ISLAMABAD: National Institute of Folk and Traditional Heritage (Lok Virsa) on Thursday organised a literary session (Muzakra) on Environmental Folk Wisdom of Sindh here at its media centre.  Professor Nawaz Ali Kumbhar was the guest speaker who enlightened the participants about the topic.  Presently he is working as an Associate Professor in Economics at Government Degree College Sanghar Sindh. He has 12 published books on the subject including: folklore, folk wisdom, traditional ecological knowledge, environmental Issues, community based disaster risk reduction and management, social mobilization and change. The speakers in their presentations on the topic discussed the folk wisdom, natural communication and its significance.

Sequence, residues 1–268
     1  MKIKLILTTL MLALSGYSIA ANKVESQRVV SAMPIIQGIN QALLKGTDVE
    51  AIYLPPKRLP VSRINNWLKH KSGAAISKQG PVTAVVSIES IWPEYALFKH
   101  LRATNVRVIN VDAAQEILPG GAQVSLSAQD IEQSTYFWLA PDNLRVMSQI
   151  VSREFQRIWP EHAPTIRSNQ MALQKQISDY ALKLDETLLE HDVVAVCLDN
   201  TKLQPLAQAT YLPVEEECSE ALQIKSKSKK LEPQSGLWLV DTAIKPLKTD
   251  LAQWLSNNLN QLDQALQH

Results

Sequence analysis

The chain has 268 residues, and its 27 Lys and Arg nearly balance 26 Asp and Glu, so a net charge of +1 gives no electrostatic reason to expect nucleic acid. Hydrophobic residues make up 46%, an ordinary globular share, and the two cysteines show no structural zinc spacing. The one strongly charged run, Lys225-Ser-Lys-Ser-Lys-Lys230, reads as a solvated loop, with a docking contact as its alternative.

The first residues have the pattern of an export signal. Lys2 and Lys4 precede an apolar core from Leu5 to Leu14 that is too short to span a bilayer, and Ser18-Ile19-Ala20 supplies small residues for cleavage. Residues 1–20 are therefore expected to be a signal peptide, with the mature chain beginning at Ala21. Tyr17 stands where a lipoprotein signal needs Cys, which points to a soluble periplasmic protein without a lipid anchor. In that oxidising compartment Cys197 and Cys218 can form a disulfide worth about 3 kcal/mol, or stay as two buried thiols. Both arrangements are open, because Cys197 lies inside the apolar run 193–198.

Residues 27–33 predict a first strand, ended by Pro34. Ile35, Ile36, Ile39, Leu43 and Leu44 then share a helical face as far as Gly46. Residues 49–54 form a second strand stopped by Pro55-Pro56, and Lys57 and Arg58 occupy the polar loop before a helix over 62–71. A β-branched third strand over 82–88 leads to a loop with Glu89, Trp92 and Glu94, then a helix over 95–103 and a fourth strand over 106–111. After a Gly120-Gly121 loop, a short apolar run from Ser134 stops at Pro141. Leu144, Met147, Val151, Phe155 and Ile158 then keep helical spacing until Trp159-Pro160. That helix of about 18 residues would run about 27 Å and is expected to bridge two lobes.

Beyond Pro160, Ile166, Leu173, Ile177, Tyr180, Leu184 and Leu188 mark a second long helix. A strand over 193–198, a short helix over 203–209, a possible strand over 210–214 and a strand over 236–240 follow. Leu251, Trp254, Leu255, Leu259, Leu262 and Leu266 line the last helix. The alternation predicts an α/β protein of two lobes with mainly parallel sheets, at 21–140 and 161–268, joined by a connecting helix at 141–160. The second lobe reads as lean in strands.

Particularly, they highlighted the spotlight folk wisdom regarding change in seasons and explore the indicators of changing seasons suggested by folk wisdom and natural communication in Sindh. Sindhi folklore is the folk tradition which has developed in Sindh over a number of centuries. Sindh abounds with folklore, in all forms and colors from such obvious manifestations as the traditional Watayo tales, the legend of Moriro, epic poetry tale of Dodo Chanesar, to the heroic character of Marui which distinguishes it among the contemporary folklores of the region.  The story of Sassi, who pines for her lover Punhu, is known and sung in every Sindhi settlement. Other examples of the folklore of Sindh include the stories of Umar Marui and Suhuni Mehar.–APP